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View Poll Results: The wreck is at hand, what will you do?
Lay the bike down? 57 22.09%
hold on and ride it out? 201 77.91%
Voters: 258. You may not vote on this poll

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  #131  
Old 9th November 2018
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Quote:
Originally Posted by Kbetts View Post
You don't have time to think. It has to be muscle memory.
Kbetts,

Agreed. I consciously practiced countersteering until it became instinctive. That “muscle memory” has served me well many times.
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  #132  
Old 9th November 2018
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Originally Posted by jzink0883 View Post
Kbetts,

Agreed. I consciously practiced countersteering until it became instinctive.

Was that difficult? I used to not understand that people didn't countersteer instinctively until I saw a video in which someone entered a left hand sweeping curve and rode straight, didn't turn at all, and crashed. By 'instinctive' I mean after riding a bicycle when younger.

How long did it take before it was instinctive? Was it difficult to 'practice'.
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  #133  
Old 9th November 2018
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Originally Posted by rjg883c View Post
Was that difficult? I used to not understand that people didn't countersteer instinctively until I saw a video in which someone entered a left hand sweeping curve and rode straight, didn't turn at all, and crashed. By 'instinctive' I mean after riding a bicycle when younger.

How long did it take before it was instinctive? Was it difficult to 'practice'.
It is counter-intuitive according to most motorcycle instructors.
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  #134  
Old 9th November 2018
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This question is like asking is it better to wear a seat belt in a car.
There is probably a 1:100,000 ratio of when it is best to not be strapped in.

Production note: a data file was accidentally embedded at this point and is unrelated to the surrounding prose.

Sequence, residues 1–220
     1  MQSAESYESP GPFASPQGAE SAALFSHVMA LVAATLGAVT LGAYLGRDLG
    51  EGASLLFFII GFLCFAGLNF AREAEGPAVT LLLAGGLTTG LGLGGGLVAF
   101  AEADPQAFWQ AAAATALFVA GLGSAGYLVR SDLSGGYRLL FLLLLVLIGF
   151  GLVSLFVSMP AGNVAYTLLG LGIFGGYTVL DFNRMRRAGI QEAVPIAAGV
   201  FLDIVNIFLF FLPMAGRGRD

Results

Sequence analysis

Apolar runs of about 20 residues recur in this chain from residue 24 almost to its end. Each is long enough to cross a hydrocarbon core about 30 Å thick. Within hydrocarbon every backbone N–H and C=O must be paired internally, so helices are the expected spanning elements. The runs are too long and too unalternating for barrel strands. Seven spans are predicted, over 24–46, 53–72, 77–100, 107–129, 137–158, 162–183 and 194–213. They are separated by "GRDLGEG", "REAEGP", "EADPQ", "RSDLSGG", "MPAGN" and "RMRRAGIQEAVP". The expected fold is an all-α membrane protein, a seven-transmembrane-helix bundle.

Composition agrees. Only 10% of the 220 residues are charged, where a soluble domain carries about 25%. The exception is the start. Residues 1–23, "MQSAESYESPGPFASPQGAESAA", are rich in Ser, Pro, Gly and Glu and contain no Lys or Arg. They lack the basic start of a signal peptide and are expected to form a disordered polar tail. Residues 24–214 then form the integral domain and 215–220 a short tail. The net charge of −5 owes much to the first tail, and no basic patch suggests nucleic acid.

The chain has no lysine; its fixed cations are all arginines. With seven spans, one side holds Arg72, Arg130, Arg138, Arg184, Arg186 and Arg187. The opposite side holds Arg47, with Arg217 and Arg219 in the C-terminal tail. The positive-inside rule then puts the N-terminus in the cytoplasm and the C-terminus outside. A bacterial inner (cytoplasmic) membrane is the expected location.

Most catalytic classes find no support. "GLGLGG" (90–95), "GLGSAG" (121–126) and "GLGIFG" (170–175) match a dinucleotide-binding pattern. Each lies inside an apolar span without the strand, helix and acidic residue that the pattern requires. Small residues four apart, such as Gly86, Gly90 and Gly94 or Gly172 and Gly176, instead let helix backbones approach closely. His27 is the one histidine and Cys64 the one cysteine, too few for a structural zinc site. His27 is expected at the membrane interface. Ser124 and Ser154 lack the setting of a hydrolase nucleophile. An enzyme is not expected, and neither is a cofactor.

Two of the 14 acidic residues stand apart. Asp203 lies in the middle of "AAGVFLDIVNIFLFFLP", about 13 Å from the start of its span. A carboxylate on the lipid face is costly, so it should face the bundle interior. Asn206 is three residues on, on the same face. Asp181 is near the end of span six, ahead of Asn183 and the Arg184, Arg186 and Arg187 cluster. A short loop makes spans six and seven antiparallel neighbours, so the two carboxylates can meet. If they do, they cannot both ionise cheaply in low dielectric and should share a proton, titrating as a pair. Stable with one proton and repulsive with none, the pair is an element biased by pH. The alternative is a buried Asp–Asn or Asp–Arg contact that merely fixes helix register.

It is not something you should practice, but there are people who can cite an instance when it was better to not be strapped in.

Same with laying it down.
Even Evel Knievel once bailed and separated from his ride.
He survived.

Practice control.
Continue to brake, continue to ride, continue to steer and if it comes down to it be ready to ..........
Okay, am I still okay?
What just happened?
Is my bike okay?

I have never jumped out of my car.
Bet someone could cite a time when it would have been best. (Like going over a cliff)

Again, louder pipes might have made a difference.
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  #135  
Old 10th November 2018
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Is this the longest running thread on xlforum?
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  #136  
Old 10th November 2018
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Quote:
Originally Posted by Kbetts View Post
It is counter-intuitive according to most motorcycle instructors.
That is why I was curious about how, and the difficulty involved, in 'learning' to counter steer. I have always assumed it was a natural result from riding bicycles in our youth.
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  #137  
Old 10th November 2018
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Originally Posted by rjg883c View Post
That is why I was curious about how, and the difficulty involved, in 'learning' to counter steer. I have always assumed it was a natural result from riding bicycles in our youth.
It's really hard to convince some people. At low speed in a parking lot, I had to put one hand on my head and use an open palm against the left handlebar to turn left to prove to my engineer friend Rene' that countersteering is real. I asked him to explain how it was possible without countersteering. After about six times he was convinced.

I then came up with a terrible but strangely accurate analogy. A motorcycle front fork has many of the same properties as an outboard motor on a boat. The boat pivots on a moment of force in opposite to the force applied to the outboard.
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  #138  
Old 11th November 2018
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I voted ride it out. However I've experienced both and believe there can be times that one or the other will be the correct choice under particlar conditions.

I had decades of riding experience before switching to "street" bikes. I previously rode full on dirt racers and street legal trail bikes which introduced me to pitfalls of traffic.